Richard Jenkins – The Visitor
Frank Langella – Frost/Nixon
Sean Penn – Milk
Brad Pitt – The Curious Case of Benjamin Button
Mickey Rourke – The Wrestler
Should win: Rourke
Agonizingly tough call over the underrated Richard Jenkins, who gave a career performance in The Visitor. But Rourke laid himself bare and simply inhabited his role. His walk and his movements were mesmerizing even when he had no dialogue. Like Hathaway, he never played to the camera or tried for sympathy. A true test of his work was his scenes with real wrestlers, as Rourke blended in perfectly. Rourke's sincerity made you understand why his character did the things he did and how he has become such a lost soul.
Will win: Rourke
Another one that could go either way. Sean Penn is the PC choice for his role as pioneering gay rights activist Harvey Milk. Playing real-life heroes never hurts with the Academy. After years of playing dour, sullen characters, Penn got raves for playing a warm and upbeat man. Penn won the SAG Best Actor award and may very well follow suit at the Oscars. But Rourke has also garnered his share of pre-Oscar awards, including the BAFTA. His comeback after years away from the limelight melds perfectly with the role he played. Plus you never know what Rourke might do on stage should he win. Will he be sober? Will he be coherent? How many times will he thank his dogs? The Academy voters can’t pass up that kind of entertainment.
Danny Boyle – Slumdog Millionaire
Stephen Daldry – The Reader
David Fincher – The Curious Case of Benjamin Button
Ron Howard – Frost/Nixon
Gus Van Sant -– Milk
Should win: Fincher
With Benjamin Button, Fincher successfully combined an epic with a character-driven personal film. He made use of the astounding visual effects to establish the right atmosphere and, most of all, enhance the story. Fincher also evoked stellar acting work not just from Brad Pitt, Cate Blanchett and Taraji P. Henson, but also from the minor players. With a lesser director, the rather implausible premise of Benjamin Button could have grown hackneyed and stale. Instead, Fincher kept it credible and fresh with the just the right amount of warmth and whimsy.
Will win: Boyle
Easy call. Boyle won the Directors Guild of America award and most of the other Oscar bellwethers. He got much credit for even getting Slumdog Millionaire made despite financing problems and very difficult shooting conditions, not to mention working with nonprofessional actors. Also, the highly stylized look of Slumdog Millionaire makes it seem like that much more of a director’s film. Boyle is a well-respected veteran and this is his year.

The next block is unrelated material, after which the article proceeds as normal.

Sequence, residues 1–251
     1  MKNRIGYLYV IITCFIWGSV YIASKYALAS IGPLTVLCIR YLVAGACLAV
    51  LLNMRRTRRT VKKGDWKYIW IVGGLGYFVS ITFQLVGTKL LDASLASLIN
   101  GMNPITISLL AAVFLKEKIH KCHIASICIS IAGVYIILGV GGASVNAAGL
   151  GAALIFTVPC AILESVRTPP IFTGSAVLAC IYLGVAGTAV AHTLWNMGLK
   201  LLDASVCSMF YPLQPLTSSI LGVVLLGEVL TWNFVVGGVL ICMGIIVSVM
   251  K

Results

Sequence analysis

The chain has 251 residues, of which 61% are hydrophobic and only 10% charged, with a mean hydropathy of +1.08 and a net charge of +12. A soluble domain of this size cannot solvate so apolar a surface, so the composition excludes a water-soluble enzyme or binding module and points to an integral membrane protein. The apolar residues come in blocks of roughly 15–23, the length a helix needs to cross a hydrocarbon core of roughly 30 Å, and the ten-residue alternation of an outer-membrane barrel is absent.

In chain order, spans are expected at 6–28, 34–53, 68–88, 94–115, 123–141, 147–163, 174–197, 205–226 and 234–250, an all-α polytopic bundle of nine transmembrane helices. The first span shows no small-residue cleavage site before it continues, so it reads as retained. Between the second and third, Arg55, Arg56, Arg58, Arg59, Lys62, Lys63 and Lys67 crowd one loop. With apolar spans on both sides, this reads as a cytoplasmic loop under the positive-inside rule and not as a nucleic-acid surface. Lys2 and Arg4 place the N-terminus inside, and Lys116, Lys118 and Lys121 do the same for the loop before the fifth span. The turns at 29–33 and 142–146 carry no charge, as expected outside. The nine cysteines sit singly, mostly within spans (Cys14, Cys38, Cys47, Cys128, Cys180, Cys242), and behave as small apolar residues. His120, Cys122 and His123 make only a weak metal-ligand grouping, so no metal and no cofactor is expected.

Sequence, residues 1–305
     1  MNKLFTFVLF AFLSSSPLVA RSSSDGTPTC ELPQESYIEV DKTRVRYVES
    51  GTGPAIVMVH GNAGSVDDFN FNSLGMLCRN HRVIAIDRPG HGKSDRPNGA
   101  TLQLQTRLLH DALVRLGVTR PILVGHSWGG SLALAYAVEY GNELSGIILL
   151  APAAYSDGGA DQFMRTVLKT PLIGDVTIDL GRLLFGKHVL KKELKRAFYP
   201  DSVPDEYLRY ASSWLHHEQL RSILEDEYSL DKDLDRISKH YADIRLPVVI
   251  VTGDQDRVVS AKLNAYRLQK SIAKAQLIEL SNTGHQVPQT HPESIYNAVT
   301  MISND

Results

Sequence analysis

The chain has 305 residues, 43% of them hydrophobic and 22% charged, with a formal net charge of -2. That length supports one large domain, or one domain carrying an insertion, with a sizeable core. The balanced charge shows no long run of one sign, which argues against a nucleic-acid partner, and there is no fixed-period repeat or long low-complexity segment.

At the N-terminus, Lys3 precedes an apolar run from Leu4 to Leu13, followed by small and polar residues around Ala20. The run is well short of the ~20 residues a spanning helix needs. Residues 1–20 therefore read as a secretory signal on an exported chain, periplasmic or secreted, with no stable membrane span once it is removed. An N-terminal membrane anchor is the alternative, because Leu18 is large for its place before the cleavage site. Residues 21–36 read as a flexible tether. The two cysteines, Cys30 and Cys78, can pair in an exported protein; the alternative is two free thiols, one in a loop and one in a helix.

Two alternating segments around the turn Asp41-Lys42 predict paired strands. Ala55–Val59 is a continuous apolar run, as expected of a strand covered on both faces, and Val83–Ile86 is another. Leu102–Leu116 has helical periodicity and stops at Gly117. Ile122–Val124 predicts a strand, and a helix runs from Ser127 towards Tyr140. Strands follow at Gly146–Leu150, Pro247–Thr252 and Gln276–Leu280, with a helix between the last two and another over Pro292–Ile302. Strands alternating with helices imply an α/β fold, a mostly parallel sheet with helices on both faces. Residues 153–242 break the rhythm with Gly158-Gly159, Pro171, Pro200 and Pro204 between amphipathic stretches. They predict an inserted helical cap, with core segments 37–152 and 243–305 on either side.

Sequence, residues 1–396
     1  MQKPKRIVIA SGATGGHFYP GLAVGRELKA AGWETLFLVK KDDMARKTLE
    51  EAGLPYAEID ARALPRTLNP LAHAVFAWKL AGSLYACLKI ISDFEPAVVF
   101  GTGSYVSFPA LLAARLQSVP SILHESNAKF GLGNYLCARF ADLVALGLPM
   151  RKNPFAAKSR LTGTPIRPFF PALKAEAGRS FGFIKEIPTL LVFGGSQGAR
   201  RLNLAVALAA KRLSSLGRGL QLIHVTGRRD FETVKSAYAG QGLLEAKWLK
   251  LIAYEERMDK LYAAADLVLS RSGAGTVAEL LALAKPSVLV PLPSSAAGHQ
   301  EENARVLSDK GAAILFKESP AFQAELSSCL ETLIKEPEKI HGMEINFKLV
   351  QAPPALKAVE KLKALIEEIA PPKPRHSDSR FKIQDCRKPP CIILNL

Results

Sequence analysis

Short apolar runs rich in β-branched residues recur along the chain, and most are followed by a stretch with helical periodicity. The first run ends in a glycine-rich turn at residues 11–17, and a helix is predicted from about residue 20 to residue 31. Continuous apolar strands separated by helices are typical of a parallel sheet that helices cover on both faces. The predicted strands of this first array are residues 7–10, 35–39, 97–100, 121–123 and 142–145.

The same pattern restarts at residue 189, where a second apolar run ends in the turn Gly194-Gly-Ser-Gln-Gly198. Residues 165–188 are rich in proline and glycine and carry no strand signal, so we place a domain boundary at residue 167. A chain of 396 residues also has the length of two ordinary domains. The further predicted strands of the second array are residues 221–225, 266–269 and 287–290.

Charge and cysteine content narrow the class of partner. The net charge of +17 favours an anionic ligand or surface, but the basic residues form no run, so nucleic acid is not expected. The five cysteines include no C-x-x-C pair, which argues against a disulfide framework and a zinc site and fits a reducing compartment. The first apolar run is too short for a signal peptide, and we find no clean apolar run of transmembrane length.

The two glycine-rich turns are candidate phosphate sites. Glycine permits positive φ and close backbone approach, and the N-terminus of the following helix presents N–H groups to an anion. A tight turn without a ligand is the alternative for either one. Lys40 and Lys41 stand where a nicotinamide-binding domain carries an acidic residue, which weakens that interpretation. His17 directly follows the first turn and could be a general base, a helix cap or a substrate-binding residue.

The Curious Case of Benjamin Button
Should win: The Curious Case of Benjamin Button
Out of the five nominees, Benjamin Button has the most resonance. It is an achievement in acting, storytelling, cinematography and visual effects. But it is also a poignant reflection on the fleeting nature of life and love. Even though it tells of a very uncommon man, its themes touch on our common humanity in a very touching and thought-provoking way.
Will win: Slumdog Millionaire
It used to be that the overall nominations leader was generally considered the Best Picture favorite, but that hasn’t been the case in recent years. For example, Babel was the nominations leader two years ago, but The Departed won the big prize. The Curious Case of Benjamin Button has 13 nominations, while Slumdog Millionaire has 10. Still it’s Slumdog that won most of the pre-Oscar awards, including the Producers Guild of America and the SAG Ensemble award. Benjamin Button has not done nearly as well, and will probably have to settle for some visual effects awards. There was a brief backlash against Slumdog Millionaire due to questions about how some of the child actors were treated, but that seems to have passed. It’s not only a feel-good movie, but also the right feel-good movie for this year. With our troubled economy, what better antidote than a kid who rises above poverty due to hard work, destiny and luck? That luck will continue at the Oscars.
February 20, 2009